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Maple Valley City Council asks Mayor Bill Allison to step down over allegations and investigation

Maple Valley Mayor Bill Allison - Courtesy photo
Maple Valley Mayor Bill Allison
— image credit: Courtesy photo

After weeks of rumors and speculation, members of the Maple Valley City Council asked Mayor Bill Allison to step down over allegations of improper communication with at least one juvenile female during his role as a driving instructor.

Councilwoman Victoria Laise Jonas broached the “800 pound gorilla in the room” at the end of the City Council’s retreat on Saturday.

Four of the seven council members asked Allison to resign temporarily until the investigation is completed and a charging decision is released by the King County Prosecutor’s Office.

A King County Sheriff’s Office detective investigated the allegation and the report was sent to the prosecutor’s office.

The City Council could force Allison out of the mayoral position with five votes.

Maple Valley is a council-manager form of government where the City Council elects the mayor from within its ranks.

Allison told the council Saturday that the complaint was unfounded and the case was closed. He also refused to step down.

Allison told The Reporter during a phone interview Tuesday that he never considered stepping aside.

“I wasn’t going to step down on a false accusation,” he said.

Allison added during the interview that he received information that morning from King County Sheriff John Urquhart that the allegations were unfounded and the case was closed.

Dan Donohoe, spokesman for the King County Prosecutor’s Office, was contacted shortly after Allison made the statement and responded in an email that he,“checked with the DPA (deputy prosecuting attorney) and the case is still under review.”  Donohoe said by phone Friday a charging decision has not been made.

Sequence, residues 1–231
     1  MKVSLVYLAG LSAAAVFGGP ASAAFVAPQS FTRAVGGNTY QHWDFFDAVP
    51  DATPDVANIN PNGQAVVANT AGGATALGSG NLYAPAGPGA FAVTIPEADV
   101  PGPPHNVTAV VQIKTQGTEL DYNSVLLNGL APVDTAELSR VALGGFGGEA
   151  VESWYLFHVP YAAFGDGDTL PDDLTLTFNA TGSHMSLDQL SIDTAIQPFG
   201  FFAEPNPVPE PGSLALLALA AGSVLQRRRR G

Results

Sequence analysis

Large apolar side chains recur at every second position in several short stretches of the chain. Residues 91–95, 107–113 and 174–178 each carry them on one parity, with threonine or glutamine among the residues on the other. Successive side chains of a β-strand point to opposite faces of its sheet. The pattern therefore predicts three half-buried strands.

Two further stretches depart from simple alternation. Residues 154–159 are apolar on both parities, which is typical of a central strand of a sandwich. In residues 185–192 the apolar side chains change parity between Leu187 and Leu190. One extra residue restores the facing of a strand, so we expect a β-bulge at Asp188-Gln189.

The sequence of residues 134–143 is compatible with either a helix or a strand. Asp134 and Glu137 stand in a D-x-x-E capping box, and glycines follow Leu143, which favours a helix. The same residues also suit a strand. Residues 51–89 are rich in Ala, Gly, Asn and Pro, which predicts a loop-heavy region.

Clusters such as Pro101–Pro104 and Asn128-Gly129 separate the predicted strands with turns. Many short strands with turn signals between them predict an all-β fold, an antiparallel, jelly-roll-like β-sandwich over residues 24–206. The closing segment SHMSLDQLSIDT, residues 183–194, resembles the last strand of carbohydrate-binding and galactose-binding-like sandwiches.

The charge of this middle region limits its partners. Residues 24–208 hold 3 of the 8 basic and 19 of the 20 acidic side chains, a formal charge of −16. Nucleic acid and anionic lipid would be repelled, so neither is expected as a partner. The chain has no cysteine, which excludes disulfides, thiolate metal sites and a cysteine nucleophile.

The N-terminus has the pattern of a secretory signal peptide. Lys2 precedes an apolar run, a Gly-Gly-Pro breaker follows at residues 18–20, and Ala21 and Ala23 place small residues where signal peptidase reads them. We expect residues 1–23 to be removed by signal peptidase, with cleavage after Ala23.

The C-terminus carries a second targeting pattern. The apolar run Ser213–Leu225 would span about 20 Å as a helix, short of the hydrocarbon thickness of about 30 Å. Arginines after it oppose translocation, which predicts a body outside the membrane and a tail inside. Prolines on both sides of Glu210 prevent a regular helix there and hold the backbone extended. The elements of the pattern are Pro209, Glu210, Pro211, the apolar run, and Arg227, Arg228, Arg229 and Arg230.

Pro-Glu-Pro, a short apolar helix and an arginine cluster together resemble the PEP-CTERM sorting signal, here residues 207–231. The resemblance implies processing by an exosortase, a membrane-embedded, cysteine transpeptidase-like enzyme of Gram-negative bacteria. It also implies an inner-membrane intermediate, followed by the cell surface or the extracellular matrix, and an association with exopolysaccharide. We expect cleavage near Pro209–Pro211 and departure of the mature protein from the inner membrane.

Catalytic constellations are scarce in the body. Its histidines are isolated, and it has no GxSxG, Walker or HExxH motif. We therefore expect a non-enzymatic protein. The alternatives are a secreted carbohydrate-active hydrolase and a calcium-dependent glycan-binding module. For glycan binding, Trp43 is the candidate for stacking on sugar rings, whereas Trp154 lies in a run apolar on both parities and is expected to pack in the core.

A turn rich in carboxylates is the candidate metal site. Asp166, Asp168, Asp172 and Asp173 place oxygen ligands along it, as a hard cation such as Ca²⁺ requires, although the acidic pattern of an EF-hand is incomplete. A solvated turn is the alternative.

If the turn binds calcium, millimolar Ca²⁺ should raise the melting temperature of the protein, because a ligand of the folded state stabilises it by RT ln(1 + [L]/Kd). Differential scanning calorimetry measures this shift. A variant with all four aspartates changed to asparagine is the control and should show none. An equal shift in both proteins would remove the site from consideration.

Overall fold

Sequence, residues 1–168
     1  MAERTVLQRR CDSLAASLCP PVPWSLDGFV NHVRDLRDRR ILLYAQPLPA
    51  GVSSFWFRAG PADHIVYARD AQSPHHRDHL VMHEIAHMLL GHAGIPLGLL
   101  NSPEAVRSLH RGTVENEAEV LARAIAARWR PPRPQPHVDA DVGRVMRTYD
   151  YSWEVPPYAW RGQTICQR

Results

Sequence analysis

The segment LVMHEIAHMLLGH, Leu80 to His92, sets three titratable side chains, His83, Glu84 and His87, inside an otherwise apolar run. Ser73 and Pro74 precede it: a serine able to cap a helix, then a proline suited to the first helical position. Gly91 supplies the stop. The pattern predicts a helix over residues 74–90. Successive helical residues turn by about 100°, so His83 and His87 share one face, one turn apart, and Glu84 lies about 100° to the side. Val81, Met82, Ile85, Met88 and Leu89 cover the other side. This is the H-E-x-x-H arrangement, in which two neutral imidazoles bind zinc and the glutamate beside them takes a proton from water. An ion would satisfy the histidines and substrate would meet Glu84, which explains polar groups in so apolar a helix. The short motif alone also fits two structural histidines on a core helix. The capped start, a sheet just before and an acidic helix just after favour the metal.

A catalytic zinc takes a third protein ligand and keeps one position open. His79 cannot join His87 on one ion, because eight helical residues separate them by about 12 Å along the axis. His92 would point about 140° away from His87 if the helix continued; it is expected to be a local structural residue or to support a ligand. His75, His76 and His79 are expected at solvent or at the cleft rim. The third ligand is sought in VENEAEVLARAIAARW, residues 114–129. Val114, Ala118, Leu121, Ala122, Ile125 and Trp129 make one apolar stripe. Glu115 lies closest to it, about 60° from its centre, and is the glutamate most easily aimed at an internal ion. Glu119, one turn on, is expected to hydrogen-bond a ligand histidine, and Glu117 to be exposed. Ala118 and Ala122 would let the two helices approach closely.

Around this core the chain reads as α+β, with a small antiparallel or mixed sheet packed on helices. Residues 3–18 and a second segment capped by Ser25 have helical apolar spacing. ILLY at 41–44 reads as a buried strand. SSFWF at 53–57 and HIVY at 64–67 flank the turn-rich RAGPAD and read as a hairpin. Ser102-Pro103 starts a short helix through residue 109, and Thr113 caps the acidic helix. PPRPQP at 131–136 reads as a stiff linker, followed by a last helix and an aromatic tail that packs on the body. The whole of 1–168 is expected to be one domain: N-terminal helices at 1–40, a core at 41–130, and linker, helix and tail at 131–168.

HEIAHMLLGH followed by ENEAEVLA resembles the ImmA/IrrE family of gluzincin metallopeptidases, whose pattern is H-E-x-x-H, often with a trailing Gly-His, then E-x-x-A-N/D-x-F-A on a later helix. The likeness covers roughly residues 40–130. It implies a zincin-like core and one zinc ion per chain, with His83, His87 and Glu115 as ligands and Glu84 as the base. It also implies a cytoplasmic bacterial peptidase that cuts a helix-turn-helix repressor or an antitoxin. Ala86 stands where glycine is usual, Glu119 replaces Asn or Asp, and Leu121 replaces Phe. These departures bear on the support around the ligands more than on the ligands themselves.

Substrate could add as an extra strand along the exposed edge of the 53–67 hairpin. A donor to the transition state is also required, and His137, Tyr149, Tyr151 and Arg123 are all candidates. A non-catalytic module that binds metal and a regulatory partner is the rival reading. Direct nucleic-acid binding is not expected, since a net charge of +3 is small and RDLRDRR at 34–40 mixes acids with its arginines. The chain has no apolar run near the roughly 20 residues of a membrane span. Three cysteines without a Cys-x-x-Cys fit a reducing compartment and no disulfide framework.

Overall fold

Urquhart told The Reporter Tuesday night that he is “not super familiar with the case,” but that “it is my understanding we have a verbal from the prosecutor’s office that they are going to decline the case.”

Urquhart acknowledged that nothing official has been decided.

“To say the case is closed is a little premature,” he said. “Technically it is not closed yet.”

Although the police report and specifics of the allegations remain closed to the public, those close to the matter indicated that it involved inappropriate conduct involving at least one juvenile female at the I-5 Driving School, which Allison co-founded in September of 2011. The driving school has offices in Maple Valley and Auburn. He remains an active instructor at the school.

Allison denied making any inappropriate comments to students when asked by The Reporter.

In light of the allegations, Allison said the I-5 business has installed cameras in the cars and is inviting parents to join their kids during driving lessons.

“We have installed cameras in the cars to protect all employees and students in the community,” he said.

When contacted by The Reporter, council members agreed that more facts were needed before any conclusions could be made, but the rumors and uncertainty cast a shadow on the city.

Councilwoman Linda Johnson said she wished Allison would have stepped down when the investigation started. Now, she said, the council is in the uncomfortable position of potentially forcing  his hand.

“I don’t think anybody wants to see that happen,” Johnson said. “But by the same token, as electeds we have a responsibility to protect the city. If that’s what we need to do, that’s a decision that’s got to be made collectively.”

Jonas said elected officials are held to higher standards of professional ethics and was disappointed that news of the investigation came from community members rather than Allison.